Over the past five years or so I have worked closely with Jeremy Hall, retired photographer of the Royal Armouries, Tower of London. His recent death is a great sadness to all that knew him. Jeremy, and his wife Jane, were regular volunteers at Ludlow Museum Resource Centre, working specifically on the arms and armour collections as well as helping with many other projects. Jeremy was also the museums unofficial ‘official’ photographer.
At heart Jeremy had a deep passion for the history of his village and the Marches in general. It is hardly surprising then that I managed to persuade him to take photos of the artefacts and coins leant to me to record with the PAS. He was always able to get the very best from an object, usually one that I had already spent an hour or so trying to get right. He was a true master of his art, always happy to help.
When working Jeremy seemed to be able to command the light and make it do his bidding; he was able to bring out the most subtle detailing within his subject with what seemed like effortless skill (which only comes with decades of experience). His studio set up was often very ‘Heath Robinson’, sheets of glass balanced, tracing paper over the very hot lights to soften their harsh shadows (or set light to the building) and scrunched up silver foil to reflect light back onto the subject. Jeremy was uncomfortable being observed, however, he worked closely with interns, trainees and other volunteers explaining his methods and passing on some of his knowledge and skill.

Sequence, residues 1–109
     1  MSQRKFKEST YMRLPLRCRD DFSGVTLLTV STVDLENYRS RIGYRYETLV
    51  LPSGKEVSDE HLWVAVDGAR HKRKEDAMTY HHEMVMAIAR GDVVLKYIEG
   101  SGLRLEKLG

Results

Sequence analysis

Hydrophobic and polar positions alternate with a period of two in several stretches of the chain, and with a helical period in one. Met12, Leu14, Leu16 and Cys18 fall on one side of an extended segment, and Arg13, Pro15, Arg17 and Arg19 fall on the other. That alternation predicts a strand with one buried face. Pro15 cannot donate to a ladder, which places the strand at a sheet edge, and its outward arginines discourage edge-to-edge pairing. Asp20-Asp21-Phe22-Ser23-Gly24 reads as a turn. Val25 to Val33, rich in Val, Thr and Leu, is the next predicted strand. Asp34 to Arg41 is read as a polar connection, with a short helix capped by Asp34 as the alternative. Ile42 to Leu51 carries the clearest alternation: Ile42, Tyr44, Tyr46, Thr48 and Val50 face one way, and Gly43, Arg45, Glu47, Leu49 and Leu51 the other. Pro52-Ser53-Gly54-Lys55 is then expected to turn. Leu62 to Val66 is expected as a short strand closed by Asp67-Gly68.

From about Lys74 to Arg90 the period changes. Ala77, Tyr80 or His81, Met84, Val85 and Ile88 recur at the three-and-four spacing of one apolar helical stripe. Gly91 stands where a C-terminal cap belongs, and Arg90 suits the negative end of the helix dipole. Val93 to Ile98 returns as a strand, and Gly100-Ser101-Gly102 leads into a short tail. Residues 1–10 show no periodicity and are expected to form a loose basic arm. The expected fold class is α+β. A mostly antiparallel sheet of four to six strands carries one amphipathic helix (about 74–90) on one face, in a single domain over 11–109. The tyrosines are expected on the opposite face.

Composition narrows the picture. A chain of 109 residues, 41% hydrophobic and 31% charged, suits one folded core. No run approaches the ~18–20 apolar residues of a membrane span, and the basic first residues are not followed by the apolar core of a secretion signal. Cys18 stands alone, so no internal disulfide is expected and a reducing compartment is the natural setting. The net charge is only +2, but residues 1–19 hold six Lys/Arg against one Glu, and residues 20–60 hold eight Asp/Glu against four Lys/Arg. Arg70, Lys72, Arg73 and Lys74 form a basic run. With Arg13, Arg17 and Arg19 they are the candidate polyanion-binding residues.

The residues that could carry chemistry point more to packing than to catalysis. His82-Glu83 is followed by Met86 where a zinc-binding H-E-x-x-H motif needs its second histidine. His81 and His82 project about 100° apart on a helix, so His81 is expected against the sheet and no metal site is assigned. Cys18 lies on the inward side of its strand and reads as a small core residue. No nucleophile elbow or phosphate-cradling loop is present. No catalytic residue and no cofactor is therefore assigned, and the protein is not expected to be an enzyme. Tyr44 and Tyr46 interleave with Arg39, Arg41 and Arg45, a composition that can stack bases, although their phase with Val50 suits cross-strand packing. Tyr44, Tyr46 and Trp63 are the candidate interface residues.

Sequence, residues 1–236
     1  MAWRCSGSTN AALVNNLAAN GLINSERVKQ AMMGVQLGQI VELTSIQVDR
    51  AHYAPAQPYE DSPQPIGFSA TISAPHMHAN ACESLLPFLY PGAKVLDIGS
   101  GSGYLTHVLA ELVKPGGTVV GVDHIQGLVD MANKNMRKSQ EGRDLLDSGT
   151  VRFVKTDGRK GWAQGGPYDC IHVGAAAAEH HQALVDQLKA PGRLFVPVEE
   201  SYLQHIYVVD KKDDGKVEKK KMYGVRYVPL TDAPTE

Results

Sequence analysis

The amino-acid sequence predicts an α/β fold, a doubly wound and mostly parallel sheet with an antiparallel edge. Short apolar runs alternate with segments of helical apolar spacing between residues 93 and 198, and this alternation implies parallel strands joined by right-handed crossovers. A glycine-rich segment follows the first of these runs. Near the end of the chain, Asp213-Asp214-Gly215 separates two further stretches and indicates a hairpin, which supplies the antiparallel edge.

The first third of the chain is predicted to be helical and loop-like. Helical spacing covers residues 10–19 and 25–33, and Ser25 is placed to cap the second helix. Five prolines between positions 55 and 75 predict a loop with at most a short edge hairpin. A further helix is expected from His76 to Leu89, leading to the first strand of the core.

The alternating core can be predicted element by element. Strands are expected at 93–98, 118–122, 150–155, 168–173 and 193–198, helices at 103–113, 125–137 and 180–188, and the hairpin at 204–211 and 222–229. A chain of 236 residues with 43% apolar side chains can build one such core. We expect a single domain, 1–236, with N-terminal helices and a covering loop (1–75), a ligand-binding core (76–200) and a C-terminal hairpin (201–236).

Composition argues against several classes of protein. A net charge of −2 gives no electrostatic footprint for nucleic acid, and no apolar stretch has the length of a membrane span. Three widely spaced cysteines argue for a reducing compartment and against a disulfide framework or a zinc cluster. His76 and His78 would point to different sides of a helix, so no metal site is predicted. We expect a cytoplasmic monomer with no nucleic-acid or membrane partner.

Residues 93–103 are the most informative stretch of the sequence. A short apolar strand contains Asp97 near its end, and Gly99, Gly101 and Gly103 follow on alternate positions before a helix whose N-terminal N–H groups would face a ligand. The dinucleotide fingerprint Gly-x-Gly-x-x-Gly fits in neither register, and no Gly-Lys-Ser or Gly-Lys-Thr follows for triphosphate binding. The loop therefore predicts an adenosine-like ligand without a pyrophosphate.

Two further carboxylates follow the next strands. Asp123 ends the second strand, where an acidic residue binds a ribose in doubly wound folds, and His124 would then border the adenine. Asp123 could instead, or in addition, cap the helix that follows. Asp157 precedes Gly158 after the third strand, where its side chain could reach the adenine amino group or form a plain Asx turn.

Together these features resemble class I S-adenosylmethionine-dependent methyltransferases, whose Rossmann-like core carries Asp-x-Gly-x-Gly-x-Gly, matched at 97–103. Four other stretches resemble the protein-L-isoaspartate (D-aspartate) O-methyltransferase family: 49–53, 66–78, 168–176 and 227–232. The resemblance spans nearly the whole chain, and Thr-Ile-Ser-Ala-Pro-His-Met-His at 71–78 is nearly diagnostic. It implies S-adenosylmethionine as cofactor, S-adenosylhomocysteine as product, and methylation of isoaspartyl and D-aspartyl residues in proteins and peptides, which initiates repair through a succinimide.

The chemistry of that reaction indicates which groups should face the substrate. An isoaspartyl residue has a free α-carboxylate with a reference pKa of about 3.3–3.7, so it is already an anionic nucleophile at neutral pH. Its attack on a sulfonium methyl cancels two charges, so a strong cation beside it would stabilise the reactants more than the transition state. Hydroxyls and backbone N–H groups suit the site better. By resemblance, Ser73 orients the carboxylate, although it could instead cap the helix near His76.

Jeremy was a very modest man and completely unassuming; his photos from the Armouries as well as recent work for the PAS and Shropshire Museums will stand the test of time as iconic images from a master photographer. He would be highly embarrassed by the praise which is rightly his due.
Jeremy was a lovely, kind and peaceful man, great company and cheerful as well. His dry humour was often the tonic needed to lighten the mood. He was generous with his time and he will be sorely missed. I’m glad that I met and spent time with him. I am proud to call him a friend.
Rest in Peace.
A few of Jeremy’s photos
Stone Roman figurine
The Myddle Coin Hoard
Lock Plate and Hammer on a musket in the Shropshire Museum Collection
West Shropshire Pendant, 7th century